Census address work succeeded despite trouble hiring staff
ORLANDO, Fla. (AP) — Even though the U.S. Census Bureau had trouble finding workers for its massive address-verification work late last summer, it managed to complete the job under budget because of better-than-expected productivity of its staffers, according to a new report.
The 32,000 workers sent out across the U.S. to double-check addresses ahead of the start of the 2020 census verified almost 20 addresses an hour compared with the expected goal of almost 16 addresses an hour, according to the report released this month from the U.S. Government Accountability Office.
The workers verified 50 million addresses from last August to October, and the work cost $118.6 million compared with the $185 million budgeted for the job. Despite the success, the Census Bureau had trouble finding workers. In some parts of the country, workers from other states were brought in, incurring unplanned costs for travel and hotel stays, the GAO said.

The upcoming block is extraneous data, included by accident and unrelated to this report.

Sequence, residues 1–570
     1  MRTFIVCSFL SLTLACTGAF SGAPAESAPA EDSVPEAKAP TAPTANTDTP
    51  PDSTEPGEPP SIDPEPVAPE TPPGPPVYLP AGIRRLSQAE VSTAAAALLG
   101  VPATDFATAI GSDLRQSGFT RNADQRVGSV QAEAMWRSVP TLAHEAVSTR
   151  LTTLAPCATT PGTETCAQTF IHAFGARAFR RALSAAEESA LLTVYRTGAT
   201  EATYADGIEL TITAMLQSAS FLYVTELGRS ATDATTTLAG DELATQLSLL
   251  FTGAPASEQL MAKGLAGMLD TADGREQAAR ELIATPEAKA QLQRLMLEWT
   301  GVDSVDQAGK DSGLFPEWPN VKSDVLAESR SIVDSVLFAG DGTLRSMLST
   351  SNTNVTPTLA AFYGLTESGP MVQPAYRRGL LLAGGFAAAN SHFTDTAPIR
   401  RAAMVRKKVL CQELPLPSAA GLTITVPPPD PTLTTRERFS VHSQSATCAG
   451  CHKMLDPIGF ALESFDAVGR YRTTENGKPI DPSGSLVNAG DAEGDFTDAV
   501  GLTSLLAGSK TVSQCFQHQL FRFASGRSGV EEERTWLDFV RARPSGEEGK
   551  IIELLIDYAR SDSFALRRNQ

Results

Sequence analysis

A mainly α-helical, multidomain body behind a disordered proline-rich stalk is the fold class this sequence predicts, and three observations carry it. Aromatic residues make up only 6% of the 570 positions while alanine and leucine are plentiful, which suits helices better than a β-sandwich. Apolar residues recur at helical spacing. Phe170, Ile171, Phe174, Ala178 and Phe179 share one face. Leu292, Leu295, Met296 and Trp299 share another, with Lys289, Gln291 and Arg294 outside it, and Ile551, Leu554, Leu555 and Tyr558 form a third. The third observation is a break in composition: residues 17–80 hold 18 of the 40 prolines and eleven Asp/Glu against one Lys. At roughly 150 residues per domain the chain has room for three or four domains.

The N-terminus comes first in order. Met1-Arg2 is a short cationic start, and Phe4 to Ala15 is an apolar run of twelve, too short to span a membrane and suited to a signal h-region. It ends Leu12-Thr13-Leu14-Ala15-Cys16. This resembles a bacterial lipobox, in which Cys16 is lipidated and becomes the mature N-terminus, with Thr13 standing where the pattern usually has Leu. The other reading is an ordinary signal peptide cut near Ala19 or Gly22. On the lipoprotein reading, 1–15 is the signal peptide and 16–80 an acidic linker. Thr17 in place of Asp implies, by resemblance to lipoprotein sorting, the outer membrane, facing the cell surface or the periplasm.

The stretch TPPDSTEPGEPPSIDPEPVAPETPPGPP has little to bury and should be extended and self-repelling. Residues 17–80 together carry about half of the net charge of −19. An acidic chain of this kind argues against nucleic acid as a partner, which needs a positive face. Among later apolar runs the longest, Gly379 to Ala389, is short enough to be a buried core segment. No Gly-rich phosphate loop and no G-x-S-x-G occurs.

The Census Bureau credited the increased efficiency to new technology and automation.
The address-verification work required the largest deployment of workers ahead of the launch of the 2020 count.
It also offered a preview of what may happen this summer when the bureau needs to deploy hundreds of thousands of workers for the once-a-decade count of very U.S. resident, the GAO said.
The 2020 census started in remote Alaska villages in January, but most U.S. residents didn’t get to start answering the once-a-decade questionnaire until mid-March.
The Census Bureau is planning to hire 320,000 to 500,000 census takers to go out this summer to knock on the doors of homes whose residents haven’t responded yet.
The spread of the coronavirus, though, is complicating hiring efforts, as the bureau has suspended all field operations until the start of April. The spread of the virus is responsible for the bureau pushing back by two weeks the deadline for wrapping up the 2020 count to mid-August, and it’s also delaying counts for the homeless, college students and nursing home residents. Bureau officials said last week they may need to hire more workers because of the delays caused by virus’ spread.
The address-verification is important for letting the bureau know where to send notices telling people they can start answering the questionnaire and where census takers need to do followup questioning if they don’t get responses.
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